Sintra is a town near the west coast of Portugal, about 30km north west of Lisbon. The town is legendary in Portugal and is a UNESCO World Heritage Site due to it’s large concentration of castles, palaces, estates and royal residences dating from the 9th to the 19th century.
As a tourist Sintra seems like something from a fairytale. Lavish Romantic era Disney style palaces nestle amongst the beautiful forest that dominates the area; untold wealth, decadence and history is flaunted around every corner. It’s an impressive place and not one to miss.
We spent a day in Sintra during our week in Lisbon.
Sintra is pretty much part of Lisbon, so you likely need to depart from there.
By far the easiest way to reach Sintra is via train from Rossio station. Even if you have a car, trains are so regular, cheap and convenient that it’s worth leaving it behind. Trains depart every 20 minutes and cost €4.50 return per person. The Sintra fare is not included in the local Lisbon 24h travel ticket.
If you do decide to drive to Sintra make sure to avoid the morning and afternoon peak times, as the highway is a major commuter route. Also avoid driving into the town centre as you will never find a park. There’s a parking lot near the train station, about 1.5km east of the town centre.
You can get around Sintra on the 434 tourist bus that connects the train station, town centre, Pena Palace and Castle of the Moors. A single loop is €5 and you buy tickets directly from the driver.
Walking around Sintra is the option that we chose, so we know it’s viable. From the train station to the town centre takes about 25 minutes and was easy enough aside from the July heat. Up to the Pena Palace and Castle of the Moors is a medium to difficult 45 minute hike (at least) up a very steep hill, so you need to be fit. We found walking tiring but rewarding as you get to experience stunning forest and gardens that you would miss on the bus.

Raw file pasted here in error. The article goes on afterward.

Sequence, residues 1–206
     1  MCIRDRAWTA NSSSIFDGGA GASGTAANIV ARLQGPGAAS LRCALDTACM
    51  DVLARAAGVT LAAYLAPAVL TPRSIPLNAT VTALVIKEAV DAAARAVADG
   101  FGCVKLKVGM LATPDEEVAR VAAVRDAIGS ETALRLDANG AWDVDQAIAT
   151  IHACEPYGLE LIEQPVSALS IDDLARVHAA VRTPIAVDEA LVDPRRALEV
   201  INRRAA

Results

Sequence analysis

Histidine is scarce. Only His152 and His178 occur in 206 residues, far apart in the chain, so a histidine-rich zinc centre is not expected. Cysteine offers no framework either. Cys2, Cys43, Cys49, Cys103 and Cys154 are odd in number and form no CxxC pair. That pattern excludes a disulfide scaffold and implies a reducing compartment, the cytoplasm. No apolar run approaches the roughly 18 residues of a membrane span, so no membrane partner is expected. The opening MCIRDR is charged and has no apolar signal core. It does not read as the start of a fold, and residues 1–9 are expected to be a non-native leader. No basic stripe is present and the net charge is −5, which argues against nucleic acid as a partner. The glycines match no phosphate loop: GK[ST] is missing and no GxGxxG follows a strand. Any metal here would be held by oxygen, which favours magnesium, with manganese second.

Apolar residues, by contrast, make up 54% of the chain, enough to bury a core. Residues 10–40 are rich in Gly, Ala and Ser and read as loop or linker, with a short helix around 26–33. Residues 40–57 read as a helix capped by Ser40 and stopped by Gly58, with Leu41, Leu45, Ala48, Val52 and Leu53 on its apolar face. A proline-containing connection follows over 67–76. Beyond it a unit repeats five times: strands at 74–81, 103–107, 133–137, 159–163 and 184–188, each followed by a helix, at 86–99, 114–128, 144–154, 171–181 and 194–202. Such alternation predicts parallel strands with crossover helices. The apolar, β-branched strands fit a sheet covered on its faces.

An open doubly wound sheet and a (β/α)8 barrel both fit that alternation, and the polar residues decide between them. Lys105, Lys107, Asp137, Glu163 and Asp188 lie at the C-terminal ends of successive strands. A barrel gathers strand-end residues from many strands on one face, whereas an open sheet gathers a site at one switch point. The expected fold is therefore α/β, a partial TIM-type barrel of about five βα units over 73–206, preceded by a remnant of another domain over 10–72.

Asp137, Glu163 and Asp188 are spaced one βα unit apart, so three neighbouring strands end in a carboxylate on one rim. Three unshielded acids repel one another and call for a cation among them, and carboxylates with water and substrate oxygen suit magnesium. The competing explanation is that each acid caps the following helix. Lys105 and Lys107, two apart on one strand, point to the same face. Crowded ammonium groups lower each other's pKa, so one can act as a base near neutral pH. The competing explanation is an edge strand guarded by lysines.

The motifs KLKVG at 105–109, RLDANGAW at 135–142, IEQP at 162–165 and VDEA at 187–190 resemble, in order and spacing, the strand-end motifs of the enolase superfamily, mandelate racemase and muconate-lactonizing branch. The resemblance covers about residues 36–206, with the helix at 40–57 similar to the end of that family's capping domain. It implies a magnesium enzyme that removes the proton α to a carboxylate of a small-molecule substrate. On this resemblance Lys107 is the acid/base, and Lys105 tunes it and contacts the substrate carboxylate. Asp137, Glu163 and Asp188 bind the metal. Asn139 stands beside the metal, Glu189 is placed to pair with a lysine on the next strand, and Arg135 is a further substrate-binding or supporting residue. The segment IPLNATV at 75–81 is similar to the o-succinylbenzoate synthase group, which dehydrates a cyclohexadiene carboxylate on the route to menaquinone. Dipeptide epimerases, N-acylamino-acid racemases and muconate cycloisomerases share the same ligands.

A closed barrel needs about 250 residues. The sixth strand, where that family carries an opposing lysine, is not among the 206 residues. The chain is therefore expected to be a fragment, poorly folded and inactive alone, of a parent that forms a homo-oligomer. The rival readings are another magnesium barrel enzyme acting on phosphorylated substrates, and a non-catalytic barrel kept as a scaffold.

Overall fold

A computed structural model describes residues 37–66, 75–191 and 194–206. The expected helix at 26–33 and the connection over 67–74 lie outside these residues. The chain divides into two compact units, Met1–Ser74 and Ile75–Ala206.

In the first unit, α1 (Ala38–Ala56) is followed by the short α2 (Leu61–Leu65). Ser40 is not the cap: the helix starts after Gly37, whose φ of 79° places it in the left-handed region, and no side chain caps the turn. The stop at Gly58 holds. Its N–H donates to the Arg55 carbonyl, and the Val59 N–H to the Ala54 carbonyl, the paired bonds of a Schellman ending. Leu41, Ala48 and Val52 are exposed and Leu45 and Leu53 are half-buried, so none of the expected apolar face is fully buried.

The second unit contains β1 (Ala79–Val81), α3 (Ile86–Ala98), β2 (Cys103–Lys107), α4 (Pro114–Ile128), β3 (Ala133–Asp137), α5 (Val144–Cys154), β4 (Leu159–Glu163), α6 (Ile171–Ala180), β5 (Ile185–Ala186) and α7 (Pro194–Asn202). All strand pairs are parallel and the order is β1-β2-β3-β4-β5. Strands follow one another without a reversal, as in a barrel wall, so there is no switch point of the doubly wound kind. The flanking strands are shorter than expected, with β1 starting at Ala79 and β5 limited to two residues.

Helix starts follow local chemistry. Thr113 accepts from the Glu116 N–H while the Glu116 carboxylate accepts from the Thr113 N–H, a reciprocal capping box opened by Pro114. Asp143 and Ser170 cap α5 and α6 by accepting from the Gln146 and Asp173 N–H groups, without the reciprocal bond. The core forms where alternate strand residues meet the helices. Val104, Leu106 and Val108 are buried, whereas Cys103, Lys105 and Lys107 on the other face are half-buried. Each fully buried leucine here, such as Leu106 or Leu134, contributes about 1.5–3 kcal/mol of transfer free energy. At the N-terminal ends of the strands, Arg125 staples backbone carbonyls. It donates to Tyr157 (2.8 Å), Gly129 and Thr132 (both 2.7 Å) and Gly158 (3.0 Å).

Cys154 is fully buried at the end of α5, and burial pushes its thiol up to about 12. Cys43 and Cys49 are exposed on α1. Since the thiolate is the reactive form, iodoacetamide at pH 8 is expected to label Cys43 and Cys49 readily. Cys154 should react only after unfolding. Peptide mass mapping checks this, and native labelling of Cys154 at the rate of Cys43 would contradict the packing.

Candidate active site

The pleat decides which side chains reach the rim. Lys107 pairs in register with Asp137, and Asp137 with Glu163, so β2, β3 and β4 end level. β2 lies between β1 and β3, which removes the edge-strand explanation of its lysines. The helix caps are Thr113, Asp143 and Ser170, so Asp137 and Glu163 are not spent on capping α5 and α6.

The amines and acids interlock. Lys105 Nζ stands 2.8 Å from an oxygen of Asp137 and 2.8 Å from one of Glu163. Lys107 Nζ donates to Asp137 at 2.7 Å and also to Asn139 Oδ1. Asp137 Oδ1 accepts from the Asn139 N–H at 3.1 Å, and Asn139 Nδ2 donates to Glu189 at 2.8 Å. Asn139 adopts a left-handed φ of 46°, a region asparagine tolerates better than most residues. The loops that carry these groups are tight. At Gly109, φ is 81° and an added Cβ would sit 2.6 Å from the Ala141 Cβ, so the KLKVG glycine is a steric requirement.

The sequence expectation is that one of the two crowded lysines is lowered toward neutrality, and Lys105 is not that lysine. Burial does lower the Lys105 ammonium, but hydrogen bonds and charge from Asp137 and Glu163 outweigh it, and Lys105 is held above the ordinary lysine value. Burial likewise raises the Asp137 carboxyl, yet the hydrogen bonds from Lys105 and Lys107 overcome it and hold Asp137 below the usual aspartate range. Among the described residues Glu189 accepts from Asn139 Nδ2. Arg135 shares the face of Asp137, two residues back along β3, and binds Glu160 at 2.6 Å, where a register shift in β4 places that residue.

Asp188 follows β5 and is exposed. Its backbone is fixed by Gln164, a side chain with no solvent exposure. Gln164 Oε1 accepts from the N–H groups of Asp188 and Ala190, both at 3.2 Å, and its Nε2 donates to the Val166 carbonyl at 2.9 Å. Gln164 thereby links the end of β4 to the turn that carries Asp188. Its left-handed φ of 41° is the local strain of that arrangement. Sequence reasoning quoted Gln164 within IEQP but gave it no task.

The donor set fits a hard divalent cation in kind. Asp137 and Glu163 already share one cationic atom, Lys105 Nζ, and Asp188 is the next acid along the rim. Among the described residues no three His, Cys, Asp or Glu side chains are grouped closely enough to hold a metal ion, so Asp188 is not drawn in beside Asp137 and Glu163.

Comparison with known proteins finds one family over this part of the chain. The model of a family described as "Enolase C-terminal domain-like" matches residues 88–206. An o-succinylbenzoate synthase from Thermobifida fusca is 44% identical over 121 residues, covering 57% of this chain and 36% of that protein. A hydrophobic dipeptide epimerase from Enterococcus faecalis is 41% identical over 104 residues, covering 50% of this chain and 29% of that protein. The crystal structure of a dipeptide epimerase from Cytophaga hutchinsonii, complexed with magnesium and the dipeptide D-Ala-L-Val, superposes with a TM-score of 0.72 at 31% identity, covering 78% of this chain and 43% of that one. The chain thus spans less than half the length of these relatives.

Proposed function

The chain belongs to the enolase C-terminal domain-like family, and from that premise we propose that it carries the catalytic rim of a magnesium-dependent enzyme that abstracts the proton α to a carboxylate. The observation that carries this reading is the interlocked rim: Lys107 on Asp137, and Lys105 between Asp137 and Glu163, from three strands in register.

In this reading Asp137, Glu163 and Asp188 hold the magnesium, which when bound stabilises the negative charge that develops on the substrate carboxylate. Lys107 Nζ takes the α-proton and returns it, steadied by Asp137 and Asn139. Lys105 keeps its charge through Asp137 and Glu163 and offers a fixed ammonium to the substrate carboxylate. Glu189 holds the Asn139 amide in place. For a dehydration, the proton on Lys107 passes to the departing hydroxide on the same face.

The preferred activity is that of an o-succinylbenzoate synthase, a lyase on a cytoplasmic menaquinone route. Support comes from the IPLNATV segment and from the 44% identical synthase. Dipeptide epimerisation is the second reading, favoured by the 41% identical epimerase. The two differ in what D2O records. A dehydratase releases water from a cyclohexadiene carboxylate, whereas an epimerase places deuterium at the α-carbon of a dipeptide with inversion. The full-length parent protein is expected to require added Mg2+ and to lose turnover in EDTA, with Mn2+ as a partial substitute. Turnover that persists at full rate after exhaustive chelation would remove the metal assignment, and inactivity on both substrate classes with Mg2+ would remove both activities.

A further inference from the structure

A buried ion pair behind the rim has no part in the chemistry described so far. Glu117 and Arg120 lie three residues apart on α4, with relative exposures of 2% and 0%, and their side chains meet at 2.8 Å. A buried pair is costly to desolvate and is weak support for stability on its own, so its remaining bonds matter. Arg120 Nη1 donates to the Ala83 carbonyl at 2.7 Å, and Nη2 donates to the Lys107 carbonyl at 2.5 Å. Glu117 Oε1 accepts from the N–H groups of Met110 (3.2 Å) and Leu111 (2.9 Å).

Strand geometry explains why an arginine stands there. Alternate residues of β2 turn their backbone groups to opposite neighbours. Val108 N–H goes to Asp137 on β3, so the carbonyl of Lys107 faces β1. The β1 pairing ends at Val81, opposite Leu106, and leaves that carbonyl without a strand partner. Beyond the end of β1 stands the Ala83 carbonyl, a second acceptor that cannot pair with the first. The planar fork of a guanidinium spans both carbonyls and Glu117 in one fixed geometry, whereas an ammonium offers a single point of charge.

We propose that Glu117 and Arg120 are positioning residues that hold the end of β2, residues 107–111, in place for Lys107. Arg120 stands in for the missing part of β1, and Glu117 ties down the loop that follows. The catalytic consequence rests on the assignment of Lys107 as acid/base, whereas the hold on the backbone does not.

There are also tuk-tuk’s and novelty taxis vying for the tourist Euro. These look fun but expensive.
Hint – Travel early to avoid queues and congestion. Earlier than you think.
We were staying in an Airbnb in Lisbon and visited Sintra as a day-trip, which is what most people do, but honestly if we were to do it again we would stay overnight.
If you search with a site like Airbnb you can find a private double room from €30 per night and a whole apartment from €50 per night.
Hotels in Sintra start from €50 per night for a double room in a well reviewed hotel.
Really what you do in Sintra is just walk around looking at fancy architecture, manicured gardens and lush forest. There’s art galleries, craft stalls, local cafés and restaurants, museums and everything else; great if you are staying in Sintra and have the time, but superfluous if you are only visiting for a day.